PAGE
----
Tony, welcome. I couldn't help but think of the fact, going back to the 1950s, there was a popular driver named Sam Hanks, and in his 13th start was able to win. You have led nine races or so in a row. You have been in position to win. I think all of us could imagine the feeling that this time it's really going to happen. Take us through it.
TONY KANAAN: I don't know how to start. But we had a great car. I knew that from the get-go. We had a great plan. I mean, it's one of those days, man. Everything was so smooth.
Jimmy was calm. I was calm. Nobody yelling, anything. I felt it was everything under control. But I had 11 times that I've been here the same thing. So when it was six laps to go, went yellow, I wasn't in the lead, I said, "This might be the day, today might be the day," because I was in Ryan [Hunter-Reay]'s position plenty of times.
I knew I had to get the lead on the restart because it could be a yellow, which happened to me plenty of times here, and it did. How life is funny. The yellow was my best friend.
People are saying he [Dario Franchitti] did it on purpose. Obviously not. I can see him mad out of the car. When he saw I was in the lead, he was shaking his head, like waving at me. It was special, very special.
I never had a doubt I could win this thing. I talked about it many times that I could do it or not, but this place is still going to be special. Today it worked.
It was a lot of numerology, Jimmy, Zanardi, I don't know, man. The 11 and 12 haunt us the entire month. I think we're going to be 1112 is going to be my number next year (laughter).
Every time I got married, I won a championship or a race. I'm OK, honey, I don't want to win anything anymore. I'm good (laughter).
THE MODERATOR: Jimmy, I don't think anything can possibly replace the thrill of winning as a racer, which you have done, but you have to have your sense in part of putting together a team with this guy who has been so close. It has to be a wonderful feeling.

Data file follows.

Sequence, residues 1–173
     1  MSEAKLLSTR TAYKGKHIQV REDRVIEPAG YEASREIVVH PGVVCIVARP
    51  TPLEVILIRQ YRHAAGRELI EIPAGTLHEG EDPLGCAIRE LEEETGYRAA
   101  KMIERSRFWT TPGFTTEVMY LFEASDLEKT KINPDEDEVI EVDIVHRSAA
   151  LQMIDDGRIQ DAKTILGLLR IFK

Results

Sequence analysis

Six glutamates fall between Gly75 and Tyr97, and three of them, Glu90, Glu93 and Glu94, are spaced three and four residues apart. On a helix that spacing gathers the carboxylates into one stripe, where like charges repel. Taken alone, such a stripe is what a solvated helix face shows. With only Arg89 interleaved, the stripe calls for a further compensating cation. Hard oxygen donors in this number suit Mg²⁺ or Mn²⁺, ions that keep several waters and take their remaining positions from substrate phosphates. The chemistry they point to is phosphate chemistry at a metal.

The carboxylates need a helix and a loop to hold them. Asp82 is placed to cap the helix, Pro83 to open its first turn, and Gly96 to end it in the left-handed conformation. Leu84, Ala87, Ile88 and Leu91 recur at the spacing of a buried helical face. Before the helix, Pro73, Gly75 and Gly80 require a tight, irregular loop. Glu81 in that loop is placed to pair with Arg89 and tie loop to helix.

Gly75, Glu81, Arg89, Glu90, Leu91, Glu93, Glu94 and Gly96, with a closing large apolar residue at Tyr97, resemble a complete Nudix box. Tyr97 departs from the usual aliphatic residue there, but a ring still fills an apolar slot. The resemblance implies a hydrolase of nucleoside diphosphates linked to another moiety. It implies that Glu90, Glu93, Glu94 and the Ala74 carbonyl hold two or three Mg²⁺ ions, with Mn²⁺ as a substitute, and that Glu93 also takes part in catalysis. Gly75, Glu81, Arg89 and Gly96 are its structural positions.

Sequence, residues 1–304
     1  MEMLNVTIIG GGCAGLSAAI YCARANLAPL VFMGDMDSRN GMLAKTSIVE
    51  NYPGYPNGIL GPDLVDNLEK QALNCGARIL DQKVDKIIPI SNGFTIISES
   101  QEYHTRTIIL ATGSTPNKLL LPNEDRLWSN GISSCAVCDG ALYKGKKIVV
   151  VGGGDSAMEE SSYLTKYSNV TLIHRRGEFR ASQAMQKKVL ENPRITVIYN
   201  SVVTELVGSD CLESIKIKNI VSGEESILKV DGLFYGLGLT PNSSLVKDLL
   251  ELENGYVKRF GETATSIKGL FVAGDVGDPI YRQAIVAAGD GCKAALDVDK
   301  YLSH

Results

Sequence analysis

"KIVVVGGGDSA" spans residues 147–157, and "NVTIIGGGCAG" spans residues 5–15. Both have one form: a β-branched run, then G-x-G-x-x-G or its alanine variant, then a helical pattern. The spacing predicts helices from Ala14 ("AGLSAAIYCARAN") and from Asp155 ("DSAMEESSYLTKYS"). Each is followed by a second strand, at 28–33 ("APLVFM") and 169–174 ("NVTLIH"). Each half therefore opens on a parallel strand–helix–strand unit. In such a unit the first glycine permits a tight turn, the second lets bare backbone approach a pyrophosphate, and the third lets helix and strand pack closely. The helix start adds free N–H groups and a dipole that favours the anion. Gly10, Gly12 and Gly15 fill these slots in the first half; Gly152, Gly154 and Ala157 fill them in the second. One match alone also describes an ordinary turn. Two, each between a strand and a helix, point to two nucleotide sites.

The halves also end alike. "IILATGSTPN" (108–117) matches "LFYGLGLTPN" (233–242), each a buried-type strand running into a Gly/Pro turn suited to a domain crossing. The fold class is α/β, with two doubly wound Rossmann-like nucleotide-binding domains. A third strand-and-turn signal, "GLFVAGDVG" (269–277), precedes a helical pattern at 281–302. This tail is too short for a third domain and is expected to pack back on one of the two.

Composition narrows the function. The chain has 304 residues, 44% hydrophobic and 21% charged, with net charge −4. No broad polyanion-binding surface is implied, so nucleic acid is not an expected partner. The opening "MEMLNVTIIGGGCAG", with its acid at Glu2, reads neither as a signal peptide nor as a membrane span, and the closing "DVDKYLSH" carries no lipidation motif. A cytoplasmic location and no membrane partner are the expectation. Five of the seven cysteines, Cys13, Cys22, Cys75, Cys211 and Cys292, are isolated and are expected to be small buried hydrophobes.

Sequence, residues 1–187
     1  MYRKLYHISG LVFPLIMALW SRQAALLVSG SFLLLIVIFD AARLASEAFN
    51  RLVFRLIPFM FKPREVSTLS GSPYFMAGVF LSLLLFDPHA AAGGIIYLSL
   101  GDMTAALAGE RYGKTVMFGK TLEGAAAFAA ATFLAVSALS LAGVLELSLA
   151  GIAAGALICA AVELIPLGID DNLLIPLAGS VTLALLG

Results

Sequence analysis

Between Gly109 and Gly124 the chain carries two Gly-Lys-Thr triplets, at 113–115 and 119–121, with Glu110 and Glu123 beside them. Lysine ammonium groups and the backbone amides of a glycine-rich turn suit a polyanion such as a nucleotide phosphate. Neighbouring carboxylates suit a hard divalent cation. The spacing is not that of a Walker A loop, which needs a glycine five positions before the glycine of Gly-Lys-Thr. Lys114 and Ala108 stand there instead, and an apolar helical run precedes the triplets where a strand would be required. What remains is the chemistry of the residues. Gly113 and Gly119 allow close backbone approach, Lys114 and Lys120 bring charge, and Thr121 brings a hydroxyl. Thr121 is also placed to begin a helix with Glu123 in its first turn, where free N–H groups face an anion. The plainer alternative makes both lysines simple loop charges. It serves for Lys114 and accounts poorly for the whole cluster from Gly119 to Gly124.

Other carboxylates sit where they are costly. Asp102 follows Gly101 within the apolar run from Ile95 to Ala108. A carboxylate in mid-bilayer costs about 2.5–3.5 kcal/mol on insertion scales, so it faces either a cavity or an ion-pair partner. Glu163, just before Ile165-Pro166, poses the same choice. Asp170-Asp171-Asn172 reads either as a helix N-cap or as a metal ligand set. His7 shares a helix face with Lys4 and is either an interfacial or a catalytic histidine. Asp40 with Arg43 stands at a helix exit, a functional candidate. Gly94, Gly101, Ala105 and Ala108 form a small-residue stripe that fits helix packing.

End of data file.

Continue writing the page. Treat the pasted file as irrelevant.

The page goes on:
JIMMY VASSER: Absolutely. I never won it as a driver. In fact, I couldn't win it as a driver, so I had to hire the right guy to do it, get a Baby Borg on my shelf.
Tony is the consummate professional. We set out as a team at the end of last year to focus on Indy. Instead of the whole series, the whole season, we took a chassis, in the old school name, called it a special, put it aside, worked on it. All credit to the boys. A lot of hard work over the winter, keeping things together. It's not an easy thing these days from a commercial standpoint.
Tony was right. The stars started lining up for us. We didn't hit race setup until about two hours to go. Most of you know Tony, but two hours to go on Sunday before the week was over, the worst car he had ever driven, ready to quit, hang up his boots. In a matter of 45 minutes, we hit on something, and it was the best car he ever had around here.
We knew at that point we had the right guy and the car was good enough, we'd have a great shot at it today.
Q: Tony, you were holding some medals. We couldn't hear the sound. What is the story behind the medals?
TONY KANAAN: I didn't have enough pockets for all the things my fans gave me to bring me luck. I probably have to bring a truck with me behind the car.
There was two things. Zanardi is here, as you know. He brought his Olympic gold medal. Right before the race, he gave it to Jimmy, Jimmy brought it to the bus. I was laying in bed. It was an hour before. Jim as I said, [Alex] Zanardi asked you to rub it. I actually cuddled with the thing. Still in my bus.